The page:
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Carmilla

out of my bed without my sleep having been interrupted, I whom the slightest stir
startles?”
By this time, Madame, Mademoiselle, my father, and a number of the servants
were in the room. Carmilla was, of course, overwhelmed with inquiries,
congratulations, and welcomes. She had but one story to tell, and seemed the
least able of all the party to suggest any way of accounting for what had
happened.
My father took a turn up and down the room, thinking. I saw Carmilla’s eye follow
him for a moment with a sly, dark glance.
When my father had sent the servants away, Mademoiselle having gone in
search of a little bottle of valerian and salvolatile, and there being no one now in
the room with Carmilla, except my father, Madame, and myself, he came to her
thoughtfully, took her hand very kindly, led her to the sofa, and sat down beside
her.
“Will you forgive me, my dear, if I risk a conjecture, and ask a question?”
“Who can have a better right?” she said. “Ask what you please, and I will tell you
everything. But my story is simply one of bewilderment and darkness. I know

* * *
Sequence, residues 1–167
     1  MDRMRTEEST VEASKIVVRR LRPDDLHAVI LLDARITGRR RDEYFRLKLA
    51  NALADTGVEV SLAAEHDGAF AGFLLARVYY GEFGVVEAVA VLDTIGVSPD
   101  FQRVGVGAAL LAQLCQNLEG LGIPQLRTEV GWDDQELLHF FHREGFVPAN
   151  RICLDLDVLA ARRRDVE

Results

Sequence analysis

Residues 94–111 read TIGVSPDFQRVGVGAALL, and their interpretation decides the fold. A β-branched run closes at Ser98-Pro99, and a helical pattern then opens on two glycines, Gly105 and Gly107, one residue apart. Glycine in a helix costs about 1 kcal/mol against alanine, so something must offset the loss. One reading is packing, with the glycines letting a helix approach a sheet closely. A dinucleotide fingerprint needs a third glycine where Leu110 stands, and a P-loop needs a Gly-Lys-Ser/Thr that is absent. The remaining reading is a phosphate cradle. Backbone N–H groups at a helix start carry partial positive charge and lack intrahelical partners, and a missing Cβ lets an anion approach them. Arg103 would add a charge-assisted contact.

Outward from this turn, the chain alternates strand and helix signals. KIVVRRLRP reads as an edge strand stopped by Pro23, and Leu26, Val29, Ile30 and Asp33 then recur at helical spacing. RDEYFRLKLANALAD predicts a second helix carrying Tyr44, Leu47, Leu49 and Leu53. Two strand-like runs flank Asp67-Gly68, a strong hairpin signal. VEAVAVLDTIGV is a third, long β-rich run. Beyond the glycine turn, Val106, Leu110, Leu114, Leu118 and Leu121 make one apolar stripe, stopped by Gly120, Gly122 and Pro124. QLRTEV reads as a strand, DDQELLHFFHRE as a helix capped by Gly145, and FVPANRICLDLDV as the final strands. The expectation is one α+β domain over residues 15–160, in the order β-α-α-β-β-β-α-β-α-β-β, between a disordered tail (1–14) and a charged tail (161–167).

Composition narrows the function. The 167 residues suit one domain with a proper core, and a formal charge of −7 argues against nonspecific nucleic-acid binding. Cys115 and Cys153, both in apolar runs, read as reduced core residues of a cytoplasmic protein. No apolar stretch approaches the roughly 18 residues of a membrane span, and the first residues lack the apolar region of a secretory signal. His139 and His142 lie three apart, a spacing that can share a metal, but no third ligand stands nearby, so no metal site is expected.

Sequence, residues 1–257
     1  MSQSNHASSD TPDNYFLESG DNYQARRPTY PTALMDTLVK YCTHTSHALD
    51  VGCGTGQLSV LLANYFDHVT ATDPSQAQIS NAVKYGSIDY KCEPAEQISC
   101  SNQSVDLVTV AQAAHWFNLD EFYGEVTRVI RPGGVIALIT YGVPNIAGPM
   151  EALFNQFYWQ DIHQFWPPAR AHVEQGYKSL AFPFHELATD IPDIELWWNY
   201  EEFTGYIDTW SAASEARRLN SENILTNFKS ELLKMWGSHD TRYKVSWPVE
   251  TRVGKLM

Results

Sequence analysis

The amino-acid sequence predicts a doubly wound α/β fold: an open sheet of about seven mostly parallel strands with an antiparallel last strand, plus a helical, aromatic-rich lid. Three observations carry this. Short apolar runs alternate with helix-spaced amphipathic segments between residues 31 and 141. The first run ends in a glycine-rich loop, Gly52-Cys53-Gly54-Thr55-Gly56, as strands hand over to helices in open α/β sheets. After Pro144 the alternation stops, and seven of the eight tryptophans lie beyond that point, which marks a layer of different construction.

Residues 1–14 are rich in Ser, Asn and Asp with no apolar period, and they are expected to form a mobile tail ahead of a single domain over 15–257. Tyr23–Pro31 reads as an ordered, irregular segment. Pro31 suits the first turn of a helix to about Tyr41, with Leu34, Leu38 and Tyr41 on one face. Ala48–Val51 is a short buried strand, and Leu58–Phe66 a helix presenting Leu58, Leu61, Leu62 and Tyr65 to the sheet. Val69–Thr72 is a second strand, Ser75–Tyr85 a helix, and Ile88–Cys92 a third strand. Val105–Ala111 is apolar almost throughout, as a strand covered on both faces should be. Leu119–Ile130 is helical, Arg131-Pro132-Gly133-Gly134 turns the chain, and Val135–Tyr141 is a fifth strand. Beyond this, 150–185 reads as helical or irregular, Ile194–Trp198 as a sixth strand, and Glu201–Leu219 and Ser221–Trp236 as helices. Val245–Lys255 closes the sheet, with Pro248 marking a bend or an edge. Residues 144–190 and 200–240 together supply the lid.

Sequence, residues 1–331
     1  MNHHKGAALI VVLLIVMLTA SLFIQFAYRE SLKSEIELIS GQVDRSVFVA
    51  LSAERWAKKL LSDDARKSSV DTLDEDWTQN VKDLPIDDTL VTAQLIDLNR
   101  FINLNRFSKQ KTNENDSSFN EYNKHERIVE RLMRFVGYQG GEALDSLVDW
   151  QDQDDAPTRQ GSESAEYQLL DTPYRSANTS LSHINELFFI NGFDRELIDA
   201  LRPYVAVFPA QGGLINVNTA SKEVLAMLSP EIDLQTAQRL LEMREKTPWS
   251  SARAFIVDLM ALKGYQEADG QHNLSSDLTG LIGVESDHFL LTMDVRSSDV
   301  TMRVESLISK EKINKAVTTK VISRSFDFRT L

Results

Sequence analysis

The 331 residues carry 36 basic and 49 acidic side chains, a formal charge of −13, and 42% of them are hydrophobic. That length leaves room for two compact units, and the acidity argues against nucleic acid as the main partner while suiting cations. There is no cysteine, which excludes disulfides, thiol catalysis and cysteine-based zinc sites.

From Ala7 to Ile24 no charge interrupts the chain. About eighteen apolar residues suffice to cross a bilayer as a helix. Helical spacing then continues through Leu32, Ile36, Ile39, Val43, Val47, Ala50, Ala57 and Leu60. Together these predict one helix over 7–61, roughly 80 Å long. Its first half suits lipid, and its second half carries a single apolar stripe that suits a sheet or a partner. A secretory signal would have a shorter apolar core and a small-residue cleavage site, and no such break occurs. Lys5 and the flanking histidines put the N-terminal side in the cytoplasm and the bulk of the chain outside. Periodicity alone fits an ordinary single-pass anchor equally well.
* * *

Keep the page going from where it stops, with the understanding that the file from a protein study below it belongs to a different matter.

absolutely nothing. Put any question you please, but you know, of course, the
limitations mamma has placed me under.”
“Perfectly, my dear child. I need not approach the topics on which she desires
our silence. Now, the marvel of last night consists in your having been removed
from your bed and your room, without being wakened, and this removal having
occurred apparently while the windows were still secured, and the two doors
locked upon the inside. I will tell you my theory and ask you a question.”
Carmilla was leaning on her hand dejectedly; Madame and I were listening
breathlessly.
“Now, my question is this. Have you ever been suspected of walking in your
sleep?”
“Never, since I was very young indeed.”
“But you did walk in your sleep when you were young?”
“Yes; I know I did. I have been told so often by my old nurse.”
My father smiled and nodded.
“Well, what has happened is this. You got up in your sleep, unlocked the door,
not leaving the key, as usual, in the lock, but taking it out and locking it on the
outside; you again took the key out, and carried it away with you to some one of
the five-and-twenty rooms on this floor, or perhaps upstairs or downstairs. There
are so many rooms and closets,so much heavy furniture, and such
accumulations of lumber, that it would require a week to search this old house
thoroughly. Do you see, now, what I mean?”
“I do, but not all,” she answered.
“And how, papa, do you account for her finding herself on the sofa in the
dressing-room, which we had searched so carefully?”
“She came there after you had searched it, still in her sleep, and at last awoke
spontaneously, and was as much surprised to find herself where she was as any
one else. I wish all mysteries were as easily and innocently explained as yours,
Carmilla,” he said, laughing. “And so we may congratulate ourselves on the
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